Miguel Gomes dazzles and infuriates (but mostly dazzles) with a rambling love poem to his poverty-stricken country.
We’ve held off writing about Miguel Gomes sprawling, year-in-the-making tri-part doohicky, Arabian Nights, in order to see it in its entirety. “Like Star Wars, this is three films,” said the director at a Q&A session following a screening of the first volume. As such, the programers at the Directors’ Fortnight strand of the Cannes Film Festival decided to play it in three separate slots over six days.
Each visit, we would receive our fill of tall tales and then be given time to ponder their meaning, Gomes clearly hoping to divert us from our sub-conscious inclinations towards metaphorically beheading our virgin brides. The director takes one of literary history’s most spellbinding raconteurs as his muse and spirit guide – Scheherazade – and goes on to form a poetic diagnosis on the floundering, albeit naturally captivating cadaver of austerity-scarred Portugal.
This is not a literal adaptation of ‘The Arabian Nights’, it merely adopts its structure, its disposition, and – eventually – its sublime perspicacity. It comes across as a cross-processing of Buñuel’s Phantom of Paradise, Pasolini’s The Gospel According to St Matthew and the films of inspirational Portuguese filmmakers, Antonio Reis and Margaret Cordeiro. But even that doesn’t quite cover it.
As with his previous features, Our Beloved Month of August, Tabu and the short work, Restoration, Arabian Nights takes no heed of the supposed partition wall which divides the worlds of documentary and fiction, and throughout its three freewheeling chapters (The Restless One, The Desolate One and The Enchanted One), Gomes is clearly looking to coagulate these forms in exciting and unconventional ways.
Sometimes we have straight documentary, then a stripped-back Brechtian satire, then an ambling pastiche, then a straight historical drama strewn with eccentric anachronisms, then a spoken digression, and finally – in a story about the little-known domain of competitive rural chaffinch song showdowns, a pastime apparently cultivated through the rise of suburban social housing blocks – a breathtaking mixture of all of the above.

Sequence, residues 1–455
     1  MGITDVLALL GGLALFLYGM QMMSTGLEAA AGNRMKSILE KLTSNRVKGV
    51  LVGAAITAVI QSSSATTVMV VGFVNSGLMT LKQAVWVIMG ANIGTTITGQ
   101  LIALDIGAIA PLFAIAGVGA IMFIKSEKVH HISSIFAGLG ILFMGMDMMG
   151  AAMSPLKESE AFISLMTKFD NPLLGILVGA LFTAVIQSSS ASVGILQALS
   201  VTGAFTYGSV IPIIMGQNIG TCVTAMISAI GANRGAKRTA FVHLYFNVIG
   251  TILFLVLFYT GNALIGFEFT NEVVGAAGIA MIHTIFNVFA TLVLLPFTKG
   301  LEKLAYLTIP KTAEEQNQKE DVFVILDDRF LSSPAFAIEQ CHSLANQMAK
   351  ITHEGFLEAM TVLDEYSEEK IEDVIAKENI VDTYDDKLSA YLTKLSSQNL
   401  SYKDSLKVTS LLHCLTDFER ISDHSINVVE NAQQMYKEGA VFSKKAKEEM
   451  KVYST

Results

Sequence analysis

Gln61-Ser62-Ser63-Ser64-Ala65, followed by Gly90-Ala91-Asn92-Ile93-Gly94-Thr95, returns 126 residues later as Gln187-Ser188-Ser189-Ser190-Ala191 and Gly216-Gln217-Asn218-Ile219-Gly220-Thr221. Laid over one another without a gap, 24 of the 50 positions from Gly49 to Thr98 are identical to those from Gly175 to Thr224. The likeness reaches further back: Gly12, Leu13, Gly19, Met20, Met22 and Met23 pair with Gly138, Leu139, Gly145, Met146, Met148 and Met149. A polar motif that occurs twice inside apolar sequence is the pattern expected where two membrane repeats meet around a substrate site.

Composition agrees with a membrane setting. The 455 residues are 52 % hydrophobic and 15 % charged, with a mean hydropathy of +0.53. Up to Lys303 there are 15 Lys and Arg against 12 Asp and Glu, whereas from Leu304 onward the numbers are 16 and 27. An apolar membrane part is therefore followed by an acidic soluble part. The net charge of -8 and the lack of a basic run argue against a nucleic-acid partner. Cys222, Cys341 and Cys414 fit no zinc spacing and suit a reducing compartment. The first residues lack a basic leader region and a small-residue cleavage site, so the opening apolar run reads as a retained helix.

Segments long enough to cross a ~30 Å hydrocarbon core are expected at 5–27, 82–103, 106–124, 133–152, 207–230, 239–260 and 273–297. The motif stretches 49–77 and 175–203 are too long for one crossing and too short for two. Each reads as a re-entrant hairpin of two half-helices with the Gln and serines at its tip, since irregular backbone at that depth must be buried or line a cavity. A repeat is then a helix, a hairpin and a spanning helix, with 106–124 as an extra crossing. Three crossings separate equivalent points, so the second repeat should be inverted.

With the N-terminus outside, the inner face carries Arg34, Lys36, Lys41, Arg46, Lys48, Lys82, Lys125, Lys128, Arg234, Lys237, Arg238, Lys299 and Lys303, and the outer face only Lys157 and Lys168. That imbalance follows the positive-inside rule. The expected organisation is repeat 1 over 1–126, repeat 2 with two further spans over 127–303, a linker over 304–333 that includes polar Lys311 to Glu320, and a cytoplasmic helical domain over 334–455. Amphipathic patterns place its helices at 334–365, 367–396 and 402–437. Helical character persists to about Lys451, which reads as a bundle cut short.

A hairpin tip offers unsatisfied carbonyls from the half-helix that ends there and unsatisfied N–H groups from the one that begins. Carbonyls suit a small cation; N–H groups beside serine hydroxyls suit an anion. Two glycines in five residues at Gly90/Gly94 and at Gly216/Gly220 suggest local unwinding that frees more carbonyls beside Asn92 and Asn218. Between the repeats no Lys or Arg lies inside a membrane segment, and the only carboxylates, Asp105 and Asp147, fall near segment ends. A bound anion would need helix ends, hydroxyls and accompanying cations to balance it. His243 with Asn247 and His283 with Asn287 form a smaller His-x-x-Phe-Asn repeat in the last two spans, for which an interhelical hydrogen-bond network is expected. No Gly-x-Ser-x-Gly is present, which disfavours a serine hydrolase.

It takes a long time to get a proper handle on Gomes’ tonal remit as well as his political motivations. Though the vignettes presented here are exclusively focused on the lives of impoverished Portuguese (an economic band which is said to have expanded massively under the spiteful, socially unjust machinations of the government), there’s a glibness and spry sense of self-satisfaction which percolates through the opening stretch. It feels like the director is lightly mocking his subjects.
So mercurial a talent is he, that the form constantly threatens to strangle the content, and whatever meaning is supposed to be drawn from the stories is sometimes obscured by the aggressively applied (but always welcome) technical capriciousness. Empathy is occasionally drained from the imagery, and we’re left with a guy who’s just playing his country’s deep-set collective woes like a cigar-box banjo.